Getting My F6 Visa… The Beginning

After two wedding ceremonies and a month vacation in the States, we finally made it back to Korea and after a week of resting from the vacation got our rears in gear to get everything filed for the F6 visa. We had started the process a few months ago, but after Jae-oo inadvertently made me make an unecessary trip to the American Embassy I pushed everything aside until we were definitely ready to get serious about it.

At the start, those months back, I had scoured the internet for information on what was necessary and what to expect of the process, but came to the conclusion that it all depended on the official we ended up with at the immigration office. That, unfortunately, tends to be the way of most any dealings with the immigration office and I thought I’d better get over prepared just in case. The other conclusion I came to was that the visa I’d expected to be applying for, the F2, was being changed to an F6.

What’s the difference?

From what information I could find it seems the F2 visa, previously for foreign spouses and other long term foreigners, was causing some issues as the Korean spouses could cancel the visa prior to the expiration date if they so felt the urge. This clearly was giving an upper hand to the Korean spouses as they could at any moment threaten and then use this to affectively have their foreign spouse kicked out of the country if the visa was cancelled. With the new F6 visa, this is not the case. The Korea Times reported on October 26, 2011 this new visa is “reserved for foreigners living in the country after marrying South Koreans and will be introduced as part of efforts to guarantee their stable stay and better deal with their growing numbers.” They also added that the F2 residency visa will now be for foreign investors, “who have more than $500,000 in South Korea while staying here for over three years, and those who have made over $300,000 in investments while hiring more than two Koreans.”

After I found this information I started searching for information on what was necessary to receive this new F6 visa. Of course, the Immigration website hadn’t been updated (still hasn’t), and as people seemed to be confused, I went with the assumption that the requirements for the F2 and the F6 would be similar if not the same and jotted down the list. I also happened to check the American Embassy’s Website, which was pretty helpful on the matter when all said and done.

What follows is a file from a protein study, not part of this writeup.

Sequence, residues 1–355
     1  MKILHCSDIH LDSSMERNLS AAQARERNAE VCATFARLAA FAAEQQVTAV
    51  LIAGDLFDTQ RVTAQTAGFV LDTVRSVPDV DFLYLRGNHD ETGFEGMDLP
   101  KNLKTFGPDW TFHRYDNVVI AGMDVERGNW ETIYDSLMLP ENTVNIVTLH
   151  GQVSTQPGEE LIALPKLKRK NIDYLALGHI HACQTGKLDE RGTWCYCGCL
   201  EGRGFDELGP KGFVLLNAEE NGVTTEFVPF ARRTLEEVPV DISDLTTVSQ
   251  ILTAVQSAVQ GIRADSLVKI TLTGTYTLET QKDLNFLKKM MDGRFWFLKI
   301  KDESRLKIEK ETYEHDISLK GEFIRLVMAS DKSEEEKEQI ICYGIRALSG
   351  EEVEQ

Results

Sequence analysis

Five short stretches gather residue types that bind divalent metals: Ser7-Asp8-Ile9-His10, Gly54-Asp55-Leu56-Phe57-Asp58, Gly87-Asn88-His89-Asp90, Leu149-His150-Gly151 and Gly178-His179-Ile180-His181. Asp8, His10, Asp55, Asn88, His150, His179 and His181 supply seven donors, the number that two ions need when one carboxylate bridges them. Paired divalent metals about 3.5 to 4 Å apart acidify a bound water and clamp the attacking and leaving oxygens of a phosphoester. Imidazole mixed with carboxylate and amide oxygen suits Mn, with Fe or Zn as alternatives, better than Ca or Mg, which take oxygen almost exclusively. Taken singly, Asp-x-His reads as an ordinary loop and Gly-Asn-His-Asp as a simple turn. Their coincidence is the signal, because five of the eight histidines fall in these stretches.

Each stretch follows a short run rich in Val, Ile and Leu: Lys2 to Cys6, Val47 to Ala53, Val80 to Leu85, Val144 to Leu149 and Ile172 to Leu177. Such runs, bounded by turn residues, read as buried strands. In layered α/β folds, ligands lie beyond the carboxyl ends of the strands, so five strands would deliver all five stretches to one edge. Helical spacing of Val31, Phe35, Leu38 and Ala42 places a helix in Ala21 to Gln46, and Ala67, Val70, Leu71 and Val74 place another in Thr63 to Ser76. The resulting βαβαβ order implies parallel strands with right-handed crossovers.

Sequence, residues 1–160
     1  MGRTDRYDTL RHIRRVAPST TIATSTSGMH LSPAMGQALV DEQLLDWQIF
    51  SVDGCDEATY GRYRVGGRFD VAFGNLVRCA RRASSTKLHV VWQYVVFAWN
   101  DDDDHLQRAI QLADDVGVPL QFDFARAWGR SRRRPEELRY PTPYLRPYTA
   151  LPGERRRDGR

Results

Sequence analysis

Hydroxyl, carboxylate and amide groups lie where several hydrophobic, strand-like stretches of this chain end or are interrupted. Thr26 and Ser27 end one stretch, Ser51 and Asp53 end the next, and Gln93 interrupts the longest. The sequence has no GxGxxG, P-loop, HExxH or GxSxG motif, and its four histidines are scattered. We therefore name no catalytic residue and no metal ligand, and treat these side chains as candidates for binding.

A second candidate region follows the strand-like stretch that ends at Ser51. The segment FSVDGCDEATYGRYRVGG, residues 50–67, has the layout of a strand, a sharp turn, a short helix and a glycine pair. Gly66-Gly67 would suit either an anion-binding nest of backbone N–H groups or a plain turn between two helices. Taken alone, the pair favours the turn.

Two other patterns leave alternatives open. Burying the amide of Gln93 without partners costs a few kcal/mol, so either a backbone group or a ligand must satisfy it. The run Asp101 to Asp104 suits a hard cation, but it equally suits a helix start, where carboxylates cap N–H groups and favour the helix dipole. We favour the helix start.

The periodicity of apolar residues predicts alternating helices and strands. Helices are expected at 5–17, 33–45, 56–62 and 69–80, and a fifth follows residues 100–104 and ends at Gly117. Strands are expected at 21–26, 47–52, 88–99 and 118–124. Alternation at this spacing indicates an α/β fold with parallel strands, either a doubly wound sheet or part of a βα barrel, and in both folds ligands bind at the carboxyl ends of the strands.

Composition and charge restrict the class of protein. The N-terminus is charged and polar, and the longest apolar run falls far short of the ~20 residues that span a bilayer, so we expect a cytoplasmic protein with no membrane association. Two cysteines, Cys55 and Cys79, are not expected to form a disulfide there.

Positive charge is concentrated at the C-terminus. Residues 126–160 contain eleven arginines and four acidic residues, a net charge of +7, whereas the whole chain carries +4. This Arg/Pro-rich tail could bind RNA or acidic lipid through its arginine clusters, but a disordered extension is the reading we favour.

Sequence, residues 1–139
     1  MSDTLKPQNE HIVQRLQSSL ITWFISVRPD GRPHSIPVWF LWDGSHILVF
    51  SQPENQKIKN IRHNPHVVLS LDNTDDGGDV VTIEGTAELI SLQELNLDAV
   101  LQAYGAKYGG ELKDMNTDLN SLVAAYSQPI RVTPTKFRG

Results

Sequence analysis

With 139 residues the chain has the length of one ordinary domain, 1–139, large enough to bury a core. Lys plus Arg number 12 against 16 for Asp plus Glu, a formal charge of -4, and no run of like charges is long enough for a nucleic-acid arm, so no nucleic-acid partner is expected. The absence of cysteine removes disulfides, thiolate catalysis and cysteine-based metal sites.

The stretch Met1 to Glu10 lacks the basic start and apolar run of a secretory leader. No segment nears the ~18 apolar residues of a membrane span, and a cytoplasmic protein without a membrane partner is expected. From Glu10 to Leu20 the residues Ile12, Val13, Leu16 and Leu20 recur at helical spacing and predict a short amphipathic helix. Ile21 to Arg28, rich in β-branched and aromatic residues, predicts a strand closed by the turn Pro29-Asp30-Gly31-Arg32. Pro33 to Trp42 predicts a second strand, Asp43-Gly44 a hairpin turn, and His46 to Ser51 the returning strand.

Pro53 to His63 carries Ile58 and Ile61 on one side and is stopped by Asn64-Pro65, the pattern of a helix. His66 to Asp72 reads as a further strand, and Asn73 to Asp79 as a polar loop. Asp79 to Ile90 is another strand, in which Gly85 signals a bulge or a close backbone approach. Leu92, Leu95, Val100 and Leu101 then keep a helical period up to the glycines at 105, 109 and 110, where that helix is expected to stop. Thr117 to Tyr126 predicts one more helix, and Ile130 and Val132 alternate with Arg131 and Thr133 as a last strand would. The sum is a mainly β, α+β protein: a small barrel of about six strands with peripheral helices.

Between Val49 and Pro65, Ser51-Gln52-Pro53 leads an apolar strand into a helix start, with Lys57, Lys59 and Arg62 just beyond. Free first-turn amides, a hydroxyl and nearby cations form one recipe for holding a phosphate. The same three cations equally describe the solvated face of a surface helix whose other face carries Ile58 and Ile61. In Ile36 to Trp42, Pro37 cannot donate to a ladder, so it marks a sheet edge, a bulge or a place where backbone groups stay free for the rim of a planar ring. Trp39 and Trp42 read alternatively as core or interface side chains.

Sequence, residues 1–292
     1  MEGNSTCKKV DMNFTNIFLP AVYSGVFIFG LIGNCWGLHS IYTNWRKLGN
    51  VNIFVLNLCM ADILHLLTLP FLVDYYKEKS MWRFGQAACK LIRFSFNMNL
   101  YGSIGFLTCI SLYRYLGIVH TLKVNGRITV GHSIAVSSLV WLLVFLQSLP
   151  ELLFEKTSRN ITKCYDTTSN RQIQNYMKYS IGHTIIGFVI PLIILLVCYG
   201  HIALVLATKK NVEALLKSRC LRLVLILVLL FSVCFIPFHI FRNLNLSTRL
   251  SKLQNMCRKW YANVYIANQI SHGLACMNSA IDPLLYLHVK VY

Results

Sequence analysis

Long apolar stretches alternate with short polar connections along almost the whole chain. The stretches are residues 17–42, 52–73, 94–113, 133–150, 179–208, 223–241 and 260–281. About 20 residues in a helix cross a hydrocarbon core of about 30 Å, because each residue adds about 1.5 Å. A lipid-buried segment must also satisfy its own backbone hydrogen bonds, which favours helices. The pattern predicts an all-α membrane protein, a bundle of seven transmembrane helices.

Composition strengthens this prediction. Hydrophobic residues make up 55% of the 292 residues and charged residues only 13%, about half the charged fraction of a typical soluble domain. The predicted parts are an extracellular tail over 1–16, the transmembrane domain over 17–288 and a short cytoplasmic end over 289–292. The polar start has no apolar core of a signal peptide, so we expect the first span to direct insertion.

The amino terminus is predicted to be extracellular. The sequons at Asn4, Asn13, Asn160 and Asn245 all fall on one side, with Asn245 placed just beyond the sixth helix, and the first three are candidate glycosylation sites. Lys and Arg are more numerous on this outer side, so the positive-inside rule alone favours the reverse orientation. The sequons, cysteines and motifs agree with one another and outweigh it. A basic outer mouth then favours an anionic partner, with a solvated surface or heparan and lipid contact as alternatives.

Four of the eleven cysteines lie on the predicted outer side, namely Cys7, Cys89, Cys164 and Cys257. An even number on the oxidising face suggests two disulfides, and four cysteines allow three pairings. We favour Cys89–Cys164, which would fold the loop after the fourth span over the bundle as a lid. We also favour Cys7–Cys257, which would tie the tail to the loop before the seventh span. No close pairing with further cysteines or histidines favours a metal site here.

Necessary documents for the F2 Visa, but applicable to the F6 Visa

(As found on the HiKorea website)

Visa Application
Documents that prove the family relations
(marriage certificate, a copy of the family register, or other documents verifying this new couple)
Documents that prove financial capability
Reference of a spouse with Korean nationality
1 color photo of the applicant (3.5cmx4.5cm taken within the past 6 months)

Most of these things are pretty obvious. For the ones that aren’t I’ll explain where, how and what we had to do. This is as an American with an E2 visa marrying a Korean.

Passport: Check
Visa Application: Could be done at the immigration office, so check

Marriage Certificate…

We were married in Korea, so to get the marriage certificate here we had to go to our district office to register our marriage. But, before we could go there I had to go to the American embassy and get a notarized Affidavit of Eligibility for Marriage. This form just affirms that you are free and eligible to marry, with no other marriages that are still intact, etc. This is sort of amusing however, because the embassy doesn’t check anything. You stand and put your hand up swearing you haven’t been married, or if you were you’ve had a clean divorce, and you are free to marry. In fact at the bottom of the form you receive, it says “The U.S. Embassy has no information concerning the affiant’s marital status.” Thus, this is only based on the words of the swearer and in no way has been technically proven. Not that I would have wanted to go home and get any verification, but this is just humorous to me in that anyone could say anything while raising ones right hand and so it goes. The notary at the embassy notarizes your affidavit and you pay $50 and you’re on your way.